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This Single Picture Sparked a Massive Debate About One of the Biggest Mismatches in Sports


" constantly see the Yankees pay their way out of rebuilding years..."

Image via imgur/TheBlaze

On the left, the Los Angeles Dodgers' payroll.

On the right, the total payrolls of all MLB teams.

Take a look at the top and bottom of each side.

Image via imgur

The image, pulled from ESPN's database here, shows that the Los Angeles Dodgers pay pitchers Clayton Kershaw and Zack Greinke a combined $58 million — almost $2 million more than the Arizona Diamonbacks pay their entire roster.

"Does MLB need a salary cap?" asked the Reddit user who posted the image late Friday.

The question prompted more than a thousand comments and furious debate.

Clayton Kershaw, left, and Zack Greinke of the Los Angeles Dodgers. (Photos by Christian Petersen and Harry How/Getty Images)

One commenter responded:

Yes there needs to be a cap. Do you know how much it sucks having 14 losing seasons in a row as an O's fan and getting out of it with careful youth scouting work and small purchases on players. But then you constantly see the Yankees pay their way out of rebuilding years to be back on top again. It's f***ing annoying to have the same teams in contention every few years. i.e. Yankees, Dodgers, Red Sox.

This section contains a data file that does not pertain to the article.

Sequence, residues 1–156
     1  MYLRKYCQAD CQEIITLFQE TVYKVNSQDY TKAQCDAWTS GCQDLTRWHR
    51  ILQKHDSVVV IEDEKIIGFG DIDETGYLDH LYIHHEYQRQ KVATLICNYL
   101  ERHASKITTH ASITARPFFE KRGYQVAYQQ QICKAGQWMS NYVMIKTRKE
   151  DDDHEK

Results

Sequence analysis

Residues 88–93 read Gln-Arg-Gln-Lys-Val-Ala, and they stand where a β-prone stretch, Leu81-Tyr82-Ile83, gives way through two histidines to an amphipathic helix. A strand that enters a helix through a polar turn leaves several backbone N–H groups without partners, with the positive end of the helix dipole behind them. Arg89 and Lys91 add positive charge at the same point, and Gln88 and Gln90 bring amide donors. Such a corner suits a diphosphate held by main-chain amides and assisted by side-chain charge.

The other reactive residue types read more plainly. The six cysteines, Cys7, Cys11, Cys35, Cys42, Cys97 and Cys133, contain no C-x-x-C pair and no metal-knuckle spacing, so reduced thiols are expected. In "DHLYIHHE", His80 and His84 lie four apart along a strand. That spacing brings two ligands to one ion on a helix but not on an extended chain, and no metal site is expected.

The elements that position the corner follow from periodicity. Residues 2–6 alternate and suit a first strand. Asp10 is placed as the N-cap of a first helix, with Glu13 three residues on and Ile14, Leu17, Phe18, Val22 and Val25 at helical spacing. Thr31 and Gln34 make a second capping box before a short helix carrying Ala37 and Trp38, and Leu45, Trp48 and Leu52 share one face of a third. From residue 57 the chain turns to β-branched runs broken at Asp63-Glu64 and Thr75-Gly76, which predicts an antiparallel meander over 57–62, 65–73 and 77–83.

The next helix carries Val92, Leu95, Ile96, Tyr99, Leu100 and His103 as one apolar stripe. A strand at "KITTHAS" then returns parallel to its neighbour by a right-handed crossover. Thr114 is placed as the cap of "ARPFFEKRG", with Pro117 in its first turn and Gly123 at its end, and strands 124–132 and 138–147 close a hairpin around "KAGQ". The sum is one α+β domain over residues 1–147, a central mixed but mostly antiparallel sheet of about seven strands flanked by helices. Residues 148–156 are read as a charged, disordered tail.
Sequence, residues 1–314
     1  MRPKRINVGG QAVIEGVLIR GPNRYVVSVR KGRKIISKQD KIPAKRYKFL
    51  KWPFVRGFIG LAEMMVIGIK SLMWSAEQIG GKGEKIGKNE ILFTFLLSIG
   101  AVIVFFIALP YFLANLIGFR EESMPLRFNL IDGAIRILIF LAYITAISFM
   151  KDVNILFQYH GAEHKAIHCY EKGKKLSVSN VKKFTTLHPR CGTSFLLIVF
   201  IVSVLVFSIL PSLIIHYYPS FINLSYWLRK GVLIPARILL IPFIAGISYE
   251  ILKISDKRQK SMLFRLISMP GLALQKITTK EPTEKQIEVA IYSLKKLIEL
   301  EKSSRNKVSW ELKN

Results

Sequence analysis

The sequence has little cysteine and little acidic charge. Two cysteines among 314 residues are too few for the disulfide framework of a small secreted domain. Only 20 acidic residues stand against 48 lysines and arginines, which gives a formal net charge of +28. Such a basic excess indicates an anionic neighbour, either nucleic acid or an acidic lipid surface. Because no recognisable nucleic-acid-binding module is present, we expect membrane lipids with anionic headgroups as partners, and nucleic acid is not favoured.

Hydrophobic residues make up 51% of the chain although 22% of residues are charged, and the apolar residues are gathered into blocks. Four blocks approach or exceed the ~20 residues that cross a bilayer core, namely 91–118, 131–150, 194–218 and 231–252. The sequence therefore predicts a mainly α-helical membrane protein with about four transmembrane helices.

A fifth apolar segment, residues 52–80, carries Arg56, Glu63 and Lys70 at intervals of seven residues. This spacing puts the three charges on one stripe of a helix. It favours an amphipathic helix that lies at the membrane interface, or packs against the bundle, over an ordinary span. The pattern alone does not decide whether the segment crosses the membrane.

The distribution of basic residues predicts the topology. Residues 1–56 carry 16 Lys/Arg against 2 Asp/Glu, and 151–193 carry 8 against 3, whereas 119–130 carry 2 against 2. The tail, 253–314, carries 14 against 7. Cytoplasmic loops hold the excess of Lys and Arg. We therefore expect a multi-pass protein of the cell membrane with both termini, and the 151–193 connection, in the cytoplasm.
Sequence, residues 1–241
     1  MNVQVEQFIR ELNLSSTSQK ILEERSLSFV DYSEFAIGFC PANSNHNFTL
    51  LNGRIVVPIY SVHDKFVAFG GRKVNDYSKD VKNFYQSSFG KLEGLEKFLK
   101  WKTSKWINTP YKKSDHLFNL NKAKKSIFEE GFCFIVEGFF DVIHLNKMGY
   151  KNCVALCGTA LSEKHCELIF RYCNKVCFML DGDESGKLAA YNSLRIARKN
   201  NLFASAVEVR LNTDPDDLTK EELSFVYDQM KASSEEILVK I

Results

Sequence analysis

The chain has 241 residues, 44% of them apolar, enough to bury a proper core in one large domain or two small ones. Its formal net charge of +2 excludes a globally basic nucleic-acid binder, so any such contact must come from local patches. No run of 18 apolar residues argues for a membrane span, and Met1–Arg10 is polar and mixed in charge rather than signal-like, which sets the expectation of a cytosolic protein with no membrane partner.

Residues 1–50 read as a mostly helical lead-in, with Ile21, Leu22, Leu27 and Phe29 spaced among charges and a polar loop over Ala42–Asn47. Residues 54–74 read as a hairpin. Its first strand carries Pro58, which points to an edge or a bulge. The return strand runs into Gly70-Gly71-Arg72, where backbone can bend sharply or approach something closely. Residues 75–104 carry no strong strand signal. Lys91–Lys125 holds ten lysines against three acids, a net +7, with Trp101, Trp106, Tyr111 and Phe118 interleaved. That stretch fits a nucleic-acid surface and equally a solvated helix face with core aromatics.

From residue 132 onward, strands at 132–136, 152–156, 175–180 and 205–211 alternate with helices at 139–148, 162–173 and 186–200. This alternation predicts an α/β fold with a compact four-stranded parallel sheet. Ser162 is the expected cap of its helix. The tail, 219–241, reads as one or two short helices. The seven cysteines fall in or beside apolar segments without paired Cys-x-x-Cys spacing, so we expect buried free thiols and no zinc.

Another commiserated, "I know how that feels. I'm a pirates fan. 20 years of under 500 baseball."

But some defended the current system.

"Every MLB team has made the playoffs in the last 22 years," one commenter weighed in. "That longest stretch is the Toronto Blue Jays, who had just come off back to back World Series. That's pretty solid parity. Not sure the salary cap is necessary."

Still others pointed to the fact that there is a salary cap in place — sort of.

The so-called "luxury tax" charges teams with payrolls over $189 million and has cost the Dodgers and the New York Yankees tens of millions of dollars.

Many of the top commenters pointed to another sport altogether as a model for baseball: hockey.

"[The] NHL has [a salary] floor, cap, maximum contract, and minimum contract and players make something like 51 [percent of team revenue]," one commenter noted. "[It] works great."

But even the pro-hockey commenters had their detractors.

"Bahahaha, 'works great,'" one responded. "Besides the continual and repeated lockouts, yeah, it works perfect."

What do you think? Take the poll below and discuss in the comments.

Follow Zach Noble (@thezachnoble) on Twitter

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